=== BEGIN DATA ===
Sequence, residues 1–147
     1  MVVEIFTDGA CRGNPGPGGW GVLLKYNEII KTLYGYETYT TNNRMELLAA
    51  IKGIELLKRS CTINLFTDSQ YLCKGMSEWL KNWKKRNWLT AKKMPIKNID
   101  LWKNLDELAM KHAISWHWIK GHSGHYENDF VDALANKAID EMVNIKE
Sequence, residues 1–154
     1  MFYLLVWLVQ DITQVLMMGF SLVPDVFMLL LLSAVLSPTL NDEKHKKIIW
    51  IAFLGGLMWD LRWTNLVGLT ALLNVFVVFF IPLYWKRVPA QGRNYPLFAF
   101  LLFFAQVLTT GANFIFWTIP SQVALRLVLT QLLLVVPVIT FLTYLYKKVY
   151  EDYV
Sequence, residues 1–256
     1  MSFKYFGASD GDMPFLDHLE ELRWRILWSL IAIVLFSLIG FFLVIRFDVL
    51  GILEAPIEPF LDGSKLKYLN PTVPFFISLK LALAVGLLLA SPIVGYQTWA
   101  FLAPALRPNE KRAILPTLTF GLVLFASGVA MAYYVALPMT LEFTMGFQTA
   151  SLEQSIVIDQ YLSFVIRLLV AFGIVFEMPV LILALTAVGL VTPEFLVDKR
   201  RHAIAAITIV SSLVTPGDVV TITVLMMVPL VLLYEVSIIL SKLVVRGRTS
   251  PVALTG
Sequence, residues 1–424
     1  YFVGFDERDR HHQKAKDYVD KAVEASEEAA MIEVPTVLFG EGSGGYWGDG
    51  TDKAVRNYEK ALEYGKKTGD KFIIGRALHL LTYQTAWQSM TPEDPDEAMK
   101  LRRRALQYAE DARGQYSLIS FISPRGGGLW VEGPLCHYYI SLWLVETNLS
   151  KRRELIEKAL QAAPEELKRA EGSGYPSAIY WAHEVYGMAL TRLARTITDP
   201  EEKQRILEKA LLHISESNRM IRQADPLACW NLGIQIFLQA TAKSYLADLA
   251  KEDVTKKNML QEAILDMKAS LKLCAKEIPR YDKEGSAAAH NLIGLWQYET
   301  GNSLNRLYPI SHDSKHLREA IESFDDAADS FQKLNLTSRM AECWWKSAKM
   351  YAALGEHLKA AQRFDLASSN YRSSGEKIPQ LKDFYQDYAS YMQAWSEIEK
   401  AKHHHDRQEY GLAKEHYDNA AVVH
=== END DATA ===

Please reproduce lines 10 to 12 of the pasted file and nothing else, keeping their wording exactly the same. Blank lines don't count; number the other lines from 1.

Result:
Sequence, residues 1–256
     1  MSFKYFGASD GDMPFLDHLE ELRWRILWSL IAIVLFSLIG FFLVIRFDVL
    51  GILEAPIEPF LDGSKLKYLN PTVPFFISLK LALAVGLLLA SPIVGYQTWA